Crop prices closed higher Tuesday ahead of a government report that is expected to show tighter corn supplies next year.

On Wednesday, the U.S. Department of Agriculture is set to release its monthly survey of global grain and bean supplies. It's the first government report since farmers harvested their crop last month.

Traders believe that the U.S. corn harvest will be smaller this year because of an unusually hot summer. Corn hit a record price of $7.99 a bushel in June on fears of a shortage in 2012. Prices have fallen since then after farmers planted the second biggest corn crop since World War II.

Corn for December delivery rose 7.25 cents Tuesday, or 1 percent, to settle at $6.605 per bushel. December soybeans rose 3.25 cents to $12.05 a bushel. December wheat gained 18.25 cents, or nearly 3 percent, to finish at $6.57 per bushel.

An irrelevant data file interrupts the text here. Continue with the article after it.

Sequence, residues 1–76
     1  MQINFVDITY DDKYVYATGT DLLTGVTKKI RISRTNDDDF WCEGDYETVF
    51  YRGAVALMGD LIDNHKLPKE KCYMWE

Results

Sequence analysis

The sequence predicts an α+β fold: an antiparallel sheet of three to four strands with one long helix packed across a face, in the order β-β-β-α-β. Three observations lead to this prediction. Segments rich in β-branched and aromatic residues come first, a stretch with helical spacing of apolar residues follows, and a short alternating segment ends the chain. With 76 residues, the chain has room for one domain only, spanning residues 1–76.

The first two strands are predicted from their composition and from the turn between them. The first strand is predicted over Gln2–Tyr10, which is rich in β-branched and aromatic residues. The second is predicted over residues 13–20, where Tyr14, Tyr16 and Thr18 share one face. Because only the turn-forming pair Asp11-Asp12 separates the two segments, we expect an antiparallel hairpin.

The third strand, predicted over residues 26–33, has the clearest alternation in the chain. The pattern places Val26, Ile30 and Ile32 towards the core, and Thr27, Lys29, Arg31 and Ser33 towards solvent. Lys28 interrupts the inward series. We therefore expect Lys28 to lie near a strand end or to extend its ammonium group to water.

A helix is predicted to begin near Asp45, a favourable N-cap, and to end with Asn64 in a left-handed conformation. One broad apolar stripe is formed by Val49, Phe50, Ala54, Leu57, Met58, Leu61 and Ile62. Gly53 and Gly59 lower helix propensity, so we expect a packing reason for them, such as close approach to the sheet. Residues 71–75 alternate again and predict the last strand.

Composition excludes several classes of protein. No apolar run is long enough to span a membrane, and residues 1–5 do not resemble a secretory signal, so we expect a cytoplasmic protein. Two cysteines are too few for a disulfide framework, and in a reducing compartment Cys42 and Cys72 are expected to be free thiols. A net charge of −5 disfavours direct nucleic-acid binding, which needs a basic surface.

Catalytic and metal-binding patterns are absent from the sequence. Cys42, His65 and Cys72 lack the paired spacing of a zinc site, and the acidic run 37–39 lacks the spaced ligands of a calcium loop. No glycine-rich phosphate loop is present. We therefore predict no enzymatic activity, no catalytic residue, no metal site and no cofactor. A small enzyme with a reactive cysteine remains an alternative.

Last month, the USDA predicted that farmers will have about 866 million bushels of corn on hand at the end of 2012. That's enough to satisfy demand for about 23 days. Most traders think a 30 day supply of corn is a healthy surplus level.

Farmers harvested about 85 percent of their corn in October. Wednesday's report will be the first that uses actual tallies of this year's harvest, rather than relying on estimates, said Jason Ward, an analyst with Northstar Commodity in Minneapolis. Most analysts expect the report will show that an unusually hot summer reduced corn yields from Kansas to Illinois.

In other commodities trading, metals were mostly higher. Gold for December delivery rose $8.10 to settle at $1,799.20 per ounce. December silver rose 32.5 cents, or nearly 1 percent, to close at $35.153 an ounce.

Copper for December delivery fell 0.25 cents to close at $3.5533 per pound. December palladium rose $15.35, or 2 percent, to close at $677.25 an ounce. January platinum gained $15.10 to finish at $1,673.10 an ounce.

Benchmark crude oil gained $1.28, or 1.3 percent, to end at $96.80 per barrel on the New York Mercantile Exchange.

Heating oil fell 0.37 cents to finish at $3.1161 per gallon, gasoline futures lost 2.18 cents to close at $2.7064 per gallon and natural gas gained 4 cents to close at $3.843 per 1,000 cubic feet.